What should we call an armed group that takes over federal property and makes political demands? “Armed group” is a start. So too “militants,” “insurgents” and “armed insurrectionists.” Some want even stronger language: “terrorists” or “domestic terrorists” is their choice.
The New York Times originally called the group behind the weekend takeover of a federal building in the Malheur Wildlife Refuge in Oregon “armed activists,” while The Washington Post added a modifier (“armed anti-government activists”) before settling on “occupiers” in its initial reporting.
While newsrooms wrestle with the semantics, “militia” continues as a go-to term. (USA Today: Oregon militia takeover: How did we get here?; MSNBC Militia members occupy Oregon refuge, vow to stay for ‘years’; Al Jazeera: FBI seeks peaceful end to Oregon militia occupation; CBS News: FBI takes helm of efforts to end militia occupation.)
Even though “militia” is significant in the American lexicon (a 2011 FBI statement explains why the agency includes “militia extremists” as a domestic terror threat), critics are unsatisfied, find the word too soft and want more forceful language used.
Meantime, the Associated Press is moving away from the term but is doing so, it says, to bring clarity to its international audience.
“We’re trying to avoid terms like ‘militia’ and ‘militiamen,'” writes Tom Kent, Standards Editor for the Associated Press. “AP content must be clear for readers around the world, and ‘militiamen’ may be confusing — readers might think that the people involved are members of a government-sanctioned paramilitary force who are rebelling against government authority.”
Kent writes that the AP has settled on “‘armed men,’ ‘armed ranchers’ and so forth” to describe those who took over the wildlife refuge.
And so forth?
Listen to The Washington Post’s Janell Ross and her take on early reporting of the event:
[No] one seemed to lean toward terms such as “insurrection,” “revolt,” anti-government “insurgents” or, as some on social media were calling them, “terrorists.” When a group of unknown size and unknown firepower has taken over any federal building with plans and possibly some equipment to aid a years-long occupation — and when its representative tells reporters that they would prefer to avoid violence but are prepared to die — the kind of almost-uniform delicacy and the limits on the language used to describe the people involved becomes noteworthy itself.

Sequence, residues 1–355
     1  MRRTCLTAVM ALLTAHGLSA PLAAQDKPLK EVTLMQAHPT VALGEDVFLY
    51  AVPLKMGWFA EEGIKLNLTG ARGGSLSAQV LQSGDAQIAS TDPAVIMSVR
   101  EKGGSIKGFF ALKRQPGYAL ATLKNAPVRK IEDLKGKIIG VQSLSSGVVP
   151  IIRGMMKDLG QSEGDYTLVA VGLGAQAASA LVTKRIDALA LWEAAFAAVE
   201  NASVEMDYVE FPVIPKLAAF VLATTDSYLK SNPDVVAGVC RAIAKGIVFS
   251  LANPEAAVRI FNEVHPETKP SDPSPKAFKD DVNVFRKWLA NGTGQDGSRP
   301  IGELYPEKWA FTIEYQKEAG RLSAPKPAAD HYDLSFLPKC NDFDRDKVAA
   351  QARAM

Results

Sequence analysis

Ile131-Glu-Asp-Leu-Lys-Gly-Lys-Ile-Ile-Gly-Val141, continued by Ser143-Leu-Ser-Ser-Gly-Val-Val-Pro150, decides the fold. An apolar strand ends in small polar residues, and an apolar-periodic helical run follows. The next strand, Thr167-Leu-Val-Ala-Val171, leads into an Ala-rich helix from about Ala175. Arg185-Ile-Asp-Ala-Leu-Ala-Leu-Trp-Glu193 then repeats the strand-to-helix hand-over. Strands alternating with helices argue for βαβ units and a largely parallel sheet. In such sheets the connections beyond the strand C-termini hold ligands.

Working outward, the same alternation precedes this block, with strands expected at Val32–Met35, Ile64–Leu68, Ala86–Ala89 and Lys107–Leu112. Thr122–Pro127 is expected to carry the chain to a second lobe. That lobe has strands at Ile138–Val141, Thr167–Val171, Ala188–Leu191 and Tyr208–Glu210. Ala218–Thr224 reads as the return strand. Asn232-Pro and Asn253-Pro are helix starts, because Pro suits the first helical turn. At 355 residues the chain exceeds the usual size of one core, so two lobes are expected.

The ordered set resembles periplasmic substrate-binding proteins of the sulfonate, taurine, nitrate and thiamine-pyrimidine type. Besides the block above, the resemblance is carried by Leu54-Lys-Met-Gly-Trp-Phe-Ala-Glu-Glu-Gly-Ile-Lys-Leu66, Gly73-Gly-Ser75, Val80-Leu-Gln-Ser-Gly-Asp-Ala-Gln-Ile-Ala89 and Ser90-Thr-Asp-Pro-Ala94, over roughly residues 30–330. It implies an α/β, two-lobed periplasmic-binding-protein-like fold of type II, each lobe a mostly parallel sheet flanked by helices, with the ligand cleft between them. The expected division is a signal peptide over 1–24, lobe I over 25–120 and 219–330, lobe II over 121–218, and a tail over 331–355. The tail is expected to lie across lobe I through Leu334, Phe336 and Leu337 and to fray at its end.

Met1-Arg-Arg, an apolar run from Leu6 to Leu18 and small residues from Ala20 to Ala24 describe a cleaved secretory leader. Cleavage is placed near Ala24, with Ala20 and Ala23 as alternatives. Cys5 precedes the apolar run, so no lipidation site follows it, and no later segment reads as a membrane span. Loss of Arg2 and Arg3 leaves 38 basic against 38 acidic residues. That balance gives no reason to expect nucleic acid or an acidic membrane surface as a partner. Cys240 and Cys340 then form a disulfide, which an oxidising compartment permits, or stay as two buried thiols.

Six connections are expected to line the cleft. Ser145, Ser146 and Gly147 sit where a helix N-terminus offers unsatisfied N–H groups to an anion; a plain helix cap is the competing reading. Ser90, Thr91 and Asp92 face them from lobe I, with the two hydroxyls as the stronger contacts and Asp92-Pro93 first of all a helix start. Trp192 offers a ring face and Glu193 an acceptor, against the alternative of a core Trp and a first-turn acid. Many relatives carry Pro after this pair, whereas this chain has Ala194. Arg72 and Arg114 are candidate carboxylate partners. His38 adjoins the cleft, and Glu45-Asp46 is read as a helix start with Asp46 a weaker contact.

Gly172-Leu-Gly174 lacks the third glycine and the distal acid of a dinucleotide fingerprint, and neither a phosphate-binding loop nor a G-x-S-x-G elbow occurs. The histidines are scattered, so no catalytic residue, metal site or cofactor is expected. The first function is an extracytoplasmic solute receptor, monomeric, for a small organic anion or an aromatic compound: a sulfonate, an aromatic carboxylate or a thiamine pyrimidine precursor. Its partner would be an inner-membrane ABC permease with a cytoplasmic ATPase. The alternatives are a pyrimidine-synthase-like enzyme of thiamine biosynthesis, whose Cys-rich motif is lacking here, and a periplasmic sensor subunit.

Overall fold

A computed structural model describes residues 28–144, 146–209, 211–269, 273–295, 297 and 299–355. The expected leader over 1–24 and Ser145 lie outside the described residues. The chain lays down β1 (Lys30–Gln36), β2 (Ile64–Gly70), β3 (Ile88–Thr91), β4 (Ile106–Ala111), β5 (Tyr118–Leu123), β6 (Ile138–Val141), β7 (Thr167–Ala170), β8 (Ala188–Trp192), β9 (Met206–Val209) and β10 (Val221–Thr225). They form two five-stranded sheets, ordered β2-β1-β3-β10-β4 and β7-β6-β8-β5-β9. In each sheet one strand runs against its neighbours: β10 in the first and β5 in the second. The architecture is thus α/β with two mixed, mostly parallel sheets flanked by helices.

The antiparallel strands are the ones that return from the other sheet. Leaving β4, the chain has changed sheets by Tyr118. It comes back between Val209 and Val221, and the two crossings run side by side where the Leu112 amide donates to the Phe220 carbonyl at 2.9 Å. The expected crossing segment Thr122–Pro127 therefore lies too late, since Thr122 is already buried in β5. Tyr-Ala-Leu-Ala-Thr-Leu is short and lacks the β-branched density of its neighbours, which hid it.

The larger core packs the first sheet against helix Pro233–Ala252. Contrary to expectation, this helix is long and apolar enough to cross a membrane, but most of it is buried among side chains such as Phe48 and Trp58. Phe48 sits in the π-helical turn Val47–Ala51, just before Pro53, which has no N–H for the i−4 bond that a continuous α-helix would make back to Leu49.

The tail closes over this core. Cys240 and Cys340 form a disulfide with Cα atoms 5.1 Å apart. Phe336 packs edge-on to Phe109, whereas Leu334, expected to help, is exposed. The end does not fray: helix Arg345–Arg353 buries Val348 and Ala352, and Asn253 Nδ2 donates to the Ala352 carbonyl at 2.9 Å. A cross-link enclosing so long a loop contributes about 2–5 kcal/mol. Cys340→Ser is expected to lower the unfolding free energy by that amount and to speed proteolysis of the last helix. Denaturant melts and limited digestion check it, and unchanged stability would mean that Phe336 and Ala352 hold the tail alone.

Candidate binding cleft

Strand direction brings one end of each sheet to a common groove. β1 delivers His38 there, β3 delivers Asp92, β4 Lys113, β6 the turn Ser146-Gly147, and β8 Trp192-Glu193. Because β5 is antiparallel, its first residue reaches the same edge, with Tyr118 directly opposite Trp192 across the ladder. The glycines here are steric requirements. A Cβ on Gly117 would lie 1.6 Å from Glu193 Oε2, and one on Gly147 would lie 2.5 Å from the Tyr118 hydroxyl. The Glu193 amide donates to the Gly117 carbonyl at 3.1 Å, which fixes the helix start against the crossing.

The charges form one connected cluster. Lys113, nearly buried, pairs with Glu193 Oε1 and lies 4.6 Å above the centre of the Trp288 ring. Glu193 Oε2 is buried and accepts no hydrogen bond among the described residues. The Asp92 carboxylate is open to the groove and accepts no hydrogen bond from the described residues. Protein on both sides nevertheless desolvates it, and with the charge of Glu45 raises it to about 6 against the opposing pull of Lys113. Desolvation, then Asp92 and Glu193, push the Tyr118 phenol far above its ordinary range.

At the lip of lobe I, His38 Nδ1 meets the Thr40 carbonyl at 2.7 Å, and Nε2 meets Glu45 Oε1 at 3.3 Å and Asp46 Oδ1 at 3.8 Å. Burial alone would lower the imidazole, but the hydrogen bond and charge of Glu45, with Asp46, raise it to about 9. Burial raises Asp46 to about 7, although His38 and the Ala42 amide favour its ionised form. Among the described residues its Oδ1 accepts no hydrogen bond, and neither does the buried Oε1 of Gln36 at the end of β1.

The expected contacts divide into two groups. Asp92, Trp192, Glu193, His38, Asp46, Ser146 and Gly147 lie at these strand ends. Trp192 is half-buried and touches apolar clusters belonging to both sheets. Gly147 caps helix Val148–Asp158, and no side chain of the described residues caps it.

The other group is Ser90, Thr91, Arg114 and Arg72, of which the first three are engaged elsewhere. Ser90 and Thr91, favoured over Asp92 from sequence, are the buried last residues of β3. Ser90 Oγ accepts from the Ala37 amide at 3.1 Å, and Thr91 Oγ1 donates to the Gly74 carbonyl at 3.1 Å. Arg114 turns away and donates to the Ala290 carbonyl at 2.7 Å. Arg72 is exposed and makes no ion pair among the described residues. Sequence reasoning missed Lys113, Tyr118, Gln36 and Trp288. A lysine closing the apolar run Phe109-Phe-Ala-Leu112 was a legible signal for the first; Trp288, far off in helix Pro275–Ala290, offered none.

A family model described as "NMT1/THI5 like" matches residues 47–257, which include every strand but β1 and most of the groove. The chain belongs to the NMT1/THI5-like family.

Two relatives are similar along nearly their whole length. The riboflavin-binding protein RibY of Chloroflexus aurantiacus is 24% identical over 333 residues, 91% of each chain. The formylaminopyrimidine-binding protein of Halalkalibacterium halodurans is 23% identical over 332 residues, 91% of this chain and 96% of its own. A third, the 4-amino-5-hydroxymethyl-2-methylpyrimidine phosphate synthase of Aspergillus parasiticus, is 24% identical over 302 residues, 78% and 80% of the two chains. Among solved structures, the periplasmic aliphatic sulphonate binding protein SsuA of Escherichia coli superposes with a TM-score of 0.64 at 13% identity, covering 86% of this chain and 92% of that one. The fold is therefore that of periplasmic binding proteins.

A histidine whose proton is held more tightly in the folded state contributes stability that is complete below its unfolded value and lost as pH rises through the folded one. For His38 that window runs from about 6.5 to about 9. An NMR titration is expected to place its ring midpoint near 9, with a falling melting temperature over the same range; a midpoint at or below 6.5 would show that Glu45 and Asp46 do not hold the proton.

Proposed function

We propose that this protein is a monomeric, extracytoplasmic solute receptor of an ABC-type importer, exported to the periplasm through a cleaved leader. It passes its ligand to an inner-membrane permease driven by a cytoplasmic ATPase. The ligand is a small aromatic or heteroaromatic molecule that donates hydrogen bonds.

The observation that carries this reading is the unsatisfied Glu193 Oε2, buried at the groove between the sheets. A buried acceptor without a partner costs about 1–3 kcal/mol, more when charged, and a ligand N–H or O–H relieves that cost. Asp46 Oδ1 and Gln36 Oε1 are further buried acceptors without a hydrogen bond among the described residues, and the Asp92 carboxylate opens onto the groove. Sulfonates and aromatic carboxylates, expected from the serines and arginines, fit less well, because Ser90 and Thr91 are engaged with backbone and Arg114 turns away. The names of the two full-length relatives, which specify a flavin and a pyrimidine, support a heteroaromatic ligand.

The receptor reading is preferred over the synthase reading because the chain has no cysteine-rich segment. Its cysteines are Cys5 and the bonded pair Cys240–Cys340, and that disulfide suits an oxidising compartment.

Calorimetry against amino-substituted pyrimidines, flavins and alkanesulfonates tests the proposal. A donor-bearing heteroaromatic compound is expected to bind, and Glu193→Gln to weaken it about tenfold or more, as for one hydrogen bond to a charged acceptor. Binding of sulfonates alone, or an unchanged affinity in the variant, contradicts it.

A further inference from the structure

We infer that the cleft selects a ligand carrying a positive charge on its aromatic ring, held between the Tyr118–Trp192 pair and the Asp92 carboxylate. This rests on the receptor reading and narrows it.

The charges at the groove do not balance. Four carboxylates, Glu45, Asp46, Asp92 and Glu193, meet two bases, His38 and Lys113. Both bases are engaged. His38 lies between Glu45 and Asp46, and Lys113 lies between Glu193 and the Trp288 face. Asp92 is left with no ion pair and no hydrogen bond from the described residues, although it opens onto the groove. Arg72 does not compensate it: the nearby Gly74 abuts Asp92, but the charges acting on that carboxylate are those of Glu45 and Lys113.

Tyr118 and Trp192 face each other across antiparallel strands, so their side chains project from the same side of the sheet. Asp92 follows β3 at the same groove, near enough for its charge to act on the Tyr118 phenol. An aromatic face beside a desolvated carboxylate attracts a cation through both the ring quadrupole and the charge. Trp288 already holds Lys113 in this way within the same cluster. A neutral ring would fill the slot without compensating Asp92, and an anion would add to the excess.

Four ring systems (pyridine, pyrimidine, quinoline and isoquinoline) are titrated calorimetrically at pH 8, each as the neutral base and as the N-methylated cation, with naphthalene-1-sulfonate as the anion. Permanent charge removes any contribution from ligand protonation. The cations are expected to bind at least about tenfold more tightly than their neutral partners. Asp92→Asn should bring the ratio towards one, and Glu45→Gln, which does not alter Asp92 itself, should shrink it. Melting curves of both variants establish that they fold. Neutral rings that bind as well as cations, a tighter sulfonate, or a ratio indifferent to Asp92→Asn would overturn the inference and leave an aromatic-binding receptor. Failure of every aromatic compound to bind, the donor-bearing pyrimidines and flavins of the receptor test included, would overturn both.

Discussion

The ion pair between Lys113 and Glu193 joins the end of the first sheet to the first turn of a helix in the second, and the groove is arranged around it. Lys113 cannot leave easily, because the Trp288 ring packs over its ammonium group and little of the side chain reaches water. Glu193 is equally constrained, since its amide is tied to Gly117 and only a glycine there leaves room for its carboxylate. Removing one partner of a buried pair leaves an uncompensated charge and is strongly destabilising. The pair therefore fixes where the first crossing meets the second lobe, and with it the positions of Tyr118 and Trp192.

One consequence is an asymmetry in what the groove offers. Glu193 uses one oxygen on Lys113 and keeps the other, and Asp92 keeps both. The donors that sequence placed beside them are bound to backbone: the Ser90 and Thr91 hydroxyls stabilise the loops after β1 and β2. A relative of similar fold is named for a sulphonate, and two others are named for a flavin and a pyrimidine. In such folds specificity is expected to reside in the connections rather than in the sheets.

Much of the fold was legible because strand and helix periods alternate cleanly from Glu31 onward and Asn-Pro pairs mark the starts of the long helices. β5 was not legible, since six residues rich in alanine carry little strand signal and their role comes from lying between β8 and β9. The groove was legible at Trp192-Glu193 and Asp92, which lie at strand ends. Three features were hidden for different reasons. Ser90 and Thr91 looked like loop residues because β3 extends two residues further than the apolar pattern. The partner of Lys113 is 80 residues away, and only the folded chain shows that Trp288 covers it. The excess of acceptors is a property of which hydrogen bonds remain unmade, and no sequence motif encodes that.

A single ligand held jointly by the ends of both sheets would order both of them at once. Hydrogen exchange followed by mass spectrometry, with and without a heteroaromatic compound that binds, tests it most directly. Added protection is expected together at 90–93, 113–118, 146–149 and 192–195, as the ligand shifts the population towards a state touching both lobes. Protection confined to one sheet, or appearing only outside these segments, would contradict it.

Inherent in the critique is recognition of a double standard. We don’t need to close our eyes to imagine very different coverage if, as Vox notes, “black or Muslim protesters with guns took over a government building instead of a predominantly white group.”
Over on Talking Points Memo, Josh Marshall describes the somewhat delicate coverage of the building occupation as both a “mainstreaming of violent right wing extremism” and a type of “white privilege performance art“:
[I]f we think about it, we all know that it doesn’t get a very tough response because the country just takes it for granted that white people in the interior West just act weird and do stuff like this.
Which, sure, partially true, but more a reflection of the media bias employed when other protest groups in the US and abroad are covered. See, for example, Joshua Keating’s satirical take on how the US media would cover the takeover had it occurred in a foreign country. (“An armed rebel group has seized control of a government building in the country’s sparsely populated northwest frontier territories.”)
As Brian Beutler writes in The New Republic, the group’s behavior is “obnoxious, illegal, and incredibly reckless.” But, he adds:
It’s also quite different from, say, shooting several people in a Planned Parenthood clinic to scare women out of having elective abortions. To paraphrase Ted Cruz and the rest of the Republican primary field, these guys are radical, but they aren’t terrorists.
Coming at this from a different angle is Slate’s Jamelle Bouie who writes about the tempered law enforcement response to the occupation.
Again, critics charge that the response would be drastically different if the armed group was non-white, and especially if it was an identifiably Muslim group.
But, argues Bouie, suggesting that this group should be treated with the same aggression and force that we saw in, say, Ferguson, misses an opportunity:
[W]hy won’t they shoot at armed white fanatics isn’t just the wrong question; it’s a bad one. Not only does it hold lethal violence as a fair response to the Bundy militia, but it opens a path to legitimizing the same violence against more marginalized groups. As long as the government is an equal opportunity killer, goes the argument, violence is acceptable.
But that’s perverse. If there’s a question to ask on this score, it’s not why don’t they use violence, it’s why aren’t they more cautious with unarmed suspects and common criminals? If we’re outraged, it shouldn’t be because law enforcement isn’t rushing to violently confront Bundy and his group. We should be outraged because that restraint isn’t extended to all Americans.
The same argument extends to language. While we should hold newsrooms accountable for how they describe all groups, and the double standards that emerge when they do so, the solution isn’t the amplified and hysterical labels we so often see.
It’s smarter, more thoughtful, and more nuanced reporting than we so often see.
Language, Militias and Occupation originally appeared on The Future Journalism Project.